Since this is Windows Server 2008 I can't run the tool that gives me an experience index but from reading other blog posts I would imagine it is around 5.3-5.5.  Very fast I can tell you that.  I can also tell you without a doubt that Windows Server 2008 *is* faster than Vista.  If you are running Vista and don't have crazy application compatibility issues then do yourself a favor and try out Win2k8.  There are lots of posts out there talking about all the steps you need to do to make it look and act like Vista. 

So, I've installed Visual Studio 2005 and now I'm installing Visual Studio 2008.  No wireless here at the tennis courts and I don't have Live Writer installed so I'm typing this blog post into visual notepad.  :0

Oh, one other nice bit of coolness.  I installed the demo of VMWare Fusion and used it to boot my boot camp partition.  First, it was nice to see that Fusion has experimental support for Windows Server 2008.  That makes sense since it is basically Vista.  In any case, I was certain that once I booted under Fusion that all my drivers would be replaced with generic SVGA, mouse, etc drivers and that I would have to endure a re-discovery of hardware when I booted natively into Window.  I was prepared for that actually. But no, my boot camp partition boots nicely under Fusion but also boots natively with all the optimized drivers still in place.  Call me naive but I didn't expect that.  Very, very nice.  By default the vm only had 512 meg assigned and that's like trying to carry the Brady Bunch in a Yugo.  So I'll have more to say about Fusion and Unity once I get back to Mac land and give the vm a more appropriate 1.5 gig.  I'm sure I'll be shopping for a 2 gig ram upgrade soon enough.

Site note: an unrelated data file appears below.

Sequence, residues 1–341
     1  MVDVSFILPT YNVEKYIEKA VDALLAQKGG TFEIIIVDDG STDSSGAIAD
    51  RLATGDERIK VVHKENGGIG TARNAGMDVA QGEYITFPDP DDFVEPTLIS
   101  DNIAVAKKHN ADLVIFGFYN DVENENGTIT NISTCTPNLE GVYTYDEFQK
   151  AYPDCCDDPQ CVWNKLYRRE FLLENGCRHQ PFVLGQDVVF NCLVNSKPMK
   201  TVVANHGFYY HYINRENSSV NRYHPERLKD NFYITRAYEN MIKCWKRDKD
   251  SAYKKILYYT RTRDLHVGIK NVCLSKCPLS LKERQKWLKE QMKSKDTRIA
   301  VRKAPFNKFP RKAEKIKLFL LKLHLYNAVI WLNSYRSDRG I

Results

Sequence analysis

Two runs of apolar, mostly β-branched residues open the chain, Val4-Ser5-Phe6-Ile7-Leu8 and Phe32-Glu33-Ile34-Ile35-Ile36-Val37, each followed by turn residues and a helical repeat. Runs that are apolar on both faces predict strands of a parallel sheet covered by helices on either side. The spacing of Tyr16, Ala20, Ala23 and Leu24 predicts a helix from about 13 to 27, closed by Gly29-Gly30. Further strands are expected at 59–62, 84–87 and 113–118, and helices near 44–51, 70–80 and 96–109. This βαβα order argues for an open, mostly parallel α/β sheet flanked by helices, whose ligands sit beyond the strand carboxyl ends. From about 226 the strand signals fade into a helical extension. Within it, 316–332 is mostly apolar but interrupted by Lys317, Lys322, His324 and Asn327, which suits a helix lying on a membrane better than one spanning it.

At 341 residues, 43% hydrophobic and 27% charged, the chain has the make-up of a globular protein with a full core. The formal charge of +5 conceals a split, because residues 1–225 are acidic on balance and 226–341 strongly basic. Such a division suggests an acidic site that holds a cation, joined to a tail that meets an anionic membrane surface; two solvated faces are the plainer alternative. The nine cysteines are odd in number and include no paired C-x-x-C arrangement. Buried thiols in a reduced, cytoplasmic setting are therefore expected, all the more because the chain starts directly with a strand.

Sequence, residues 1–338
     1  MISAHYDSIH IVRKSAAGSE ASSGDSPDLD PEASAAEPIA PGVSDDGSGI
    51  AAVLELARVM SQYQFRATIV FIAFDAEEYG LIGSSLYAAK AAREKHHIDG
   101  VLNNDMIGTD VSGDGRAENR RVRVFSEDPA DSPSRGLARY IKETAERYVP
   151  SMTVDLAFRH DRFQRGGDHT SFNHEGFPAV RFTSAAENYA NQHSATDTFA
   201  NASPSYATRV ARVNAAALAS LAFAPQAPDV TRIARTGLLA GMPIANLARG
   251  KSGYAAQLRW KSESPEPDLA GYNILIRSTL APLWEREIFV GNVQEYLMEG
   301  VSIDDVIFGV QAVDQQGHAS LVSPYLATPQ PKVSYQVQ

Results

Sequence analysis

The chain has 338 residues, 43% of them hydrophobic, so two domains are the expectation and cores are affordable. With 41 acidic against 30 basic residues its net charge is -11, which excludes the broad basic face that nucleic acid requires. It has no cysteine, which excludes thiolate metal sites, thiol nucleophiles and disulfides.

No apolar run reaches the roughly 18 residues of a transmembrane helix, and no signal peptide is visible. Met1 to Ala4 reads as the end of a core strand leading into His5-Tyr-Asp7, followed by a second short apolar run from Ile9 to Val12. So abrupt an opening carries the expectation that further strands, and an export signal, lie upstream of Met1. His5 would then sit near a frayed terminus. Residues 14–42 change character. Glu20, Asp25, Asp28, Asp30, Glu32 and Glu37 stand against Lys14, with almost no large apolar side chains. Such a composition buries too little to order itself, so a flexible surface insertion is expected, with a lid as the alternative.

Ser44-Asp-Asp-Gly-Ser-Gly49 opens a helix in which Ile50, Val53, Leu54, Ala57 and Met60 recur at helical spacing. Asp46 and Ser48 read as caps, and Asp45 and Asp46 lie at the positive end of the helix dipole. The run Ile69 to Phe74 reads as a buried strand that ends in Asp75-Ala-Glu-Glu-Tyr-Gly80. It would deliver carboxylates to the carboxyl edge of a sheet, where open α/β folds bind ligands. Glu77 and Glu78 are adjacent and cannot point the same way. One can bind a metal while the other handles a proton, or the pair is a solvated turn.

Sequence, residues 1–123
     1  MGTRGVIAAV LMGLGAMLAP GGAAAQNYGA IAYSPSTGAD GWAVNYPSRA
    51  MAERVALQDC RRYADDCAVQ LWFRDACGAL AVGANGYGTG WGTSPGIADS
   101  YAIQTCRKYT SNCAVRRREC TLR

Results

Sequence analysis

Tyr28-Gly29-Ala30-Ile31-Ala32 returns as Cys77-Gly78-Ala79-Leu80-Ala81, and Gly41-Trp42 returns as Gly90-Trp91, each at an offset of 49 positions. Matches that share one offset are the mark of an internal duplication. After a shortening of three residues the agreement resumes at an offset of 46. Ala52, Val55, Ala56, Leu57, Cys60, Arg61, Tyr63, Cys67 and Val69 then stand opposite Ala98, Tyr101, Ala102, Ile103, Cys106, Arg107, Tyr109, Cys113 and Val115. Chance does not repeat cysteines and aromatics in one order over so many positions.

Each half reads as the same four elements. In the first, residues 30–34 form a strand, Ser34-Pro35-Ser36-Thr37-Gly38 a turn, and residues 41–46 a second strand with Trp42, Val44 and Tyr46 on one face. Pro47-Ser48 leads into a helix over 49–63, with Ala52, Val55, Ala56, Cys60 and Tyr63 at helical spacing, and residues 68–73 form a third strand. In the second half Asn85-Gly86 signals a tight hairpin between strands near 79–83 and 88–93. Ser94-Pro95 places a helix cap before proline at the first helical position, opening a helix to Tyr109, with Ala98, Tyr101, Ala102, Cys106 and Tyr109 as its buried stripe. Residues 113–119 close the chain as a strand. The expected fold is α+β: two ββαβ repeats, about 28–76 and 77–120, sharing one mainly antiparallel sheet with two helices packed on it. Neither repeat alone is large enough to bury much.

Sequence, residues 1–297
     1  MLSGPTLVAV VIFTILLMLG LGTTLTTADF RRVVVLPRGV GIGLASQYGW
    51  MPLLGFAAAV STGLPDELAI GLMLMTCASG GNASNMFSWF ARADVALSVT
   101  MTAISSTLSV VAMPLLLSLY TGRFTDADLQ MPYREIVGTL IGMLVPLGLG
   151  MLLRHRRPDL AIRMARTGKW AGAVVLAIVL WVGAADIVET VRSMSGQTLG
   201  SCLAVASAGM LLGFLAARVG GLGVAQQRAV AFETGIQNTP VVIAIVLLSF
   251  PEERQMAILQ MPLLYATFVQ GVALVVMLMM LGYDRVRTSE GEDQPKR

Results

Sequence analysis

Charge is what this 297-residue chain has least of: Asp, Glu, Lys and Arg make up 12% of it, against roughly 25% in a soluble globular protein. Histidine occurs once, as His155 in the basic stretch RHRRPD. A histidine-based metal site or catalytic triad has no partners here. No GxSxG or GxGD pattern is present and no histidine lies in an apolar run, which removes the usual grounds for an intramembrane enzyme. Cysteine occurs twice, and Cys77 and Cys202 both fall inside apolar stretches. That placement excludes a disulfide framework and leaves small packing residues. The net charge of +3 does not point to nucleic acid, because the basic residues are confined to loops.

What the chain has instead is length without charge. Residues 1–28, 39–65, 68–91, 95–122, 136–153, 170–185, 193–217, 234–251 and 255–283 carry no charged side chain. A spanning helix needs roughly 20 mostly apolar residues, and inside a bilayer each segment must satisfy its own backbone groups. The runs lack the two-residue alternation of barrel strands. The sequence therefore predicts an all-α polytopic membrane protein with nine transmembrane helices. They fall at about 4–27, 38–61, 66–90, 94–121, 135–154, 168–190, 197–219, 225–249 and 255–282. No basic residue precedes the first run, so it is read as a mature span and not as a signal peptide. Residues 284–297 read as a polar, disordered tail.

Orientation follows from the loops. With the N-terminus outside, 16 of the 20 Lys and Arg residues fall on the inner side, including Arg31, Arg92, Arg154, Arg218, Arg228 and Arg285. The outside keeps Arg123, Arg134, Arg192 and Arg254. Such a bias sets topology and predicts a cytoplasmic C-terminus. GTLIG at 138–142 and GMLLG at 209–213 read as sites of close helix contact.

Wednesday, March 12, 2008

First day on the new MacBook Pro

The power connector broke on my old laptop and with several trips coming up I really needed to get some new iron.  So the question is which one.  I originally looked at a nice Sony Vaio and then I saw one of those nice Dell XPS m1330 machines.  They have a very sweet LED screen and a nice form factor but I really wanted a larger screen.  The problem is that the m1530 doesn't yet ship with Penryn processors or a LED screen.  The other option was the MacBook Pro.  Yes, I know...

So, after a lot of consideration, I chose to go with the Mac.  Pretty easy decision actually.  The Dell configures up with 3 year warranty at $1800 and the Mac at $2200.  Now if you consider the upgrade costs for when the 1530 will support Penryn processors and an LED screen (the 1330 costs $200 more with these options), that puts the Dell at about $2000.  The difference of $200 is a small amount when you consider that the Mac is the only laptop that can run all 3 major systems today.  Yep, pretty easy decision.

So, the new Mac arrived today and I'm writing this blog entry on it.  I plan to write for the next 30 days on my experiences on the machine.  I'v always worked on Windows machines so it's a brave new world for me.  I'll be testing out Parallels and VMWare fusion for my development work and playing with such gems as iMovie and iDVD around the house.

I had several good impressions during the first hour or so of us.  Initial startup had a nice touch where it let me use the web cam to take a personal picture for the login screen.  Anyway, I have lots more to talk about but I'll save it for the next entry. 

Wednesday, March 5, 2008

Switched to BlogEngine.NET

Well, I ran out of database room on my hosting account yesterday so the only thing to do was to move back to a blogging package that is not database backed.  I thought about going back to dasBlog but instead decided to try out BlogEngine.NET.  It's a new blog engine written in .NET and open source.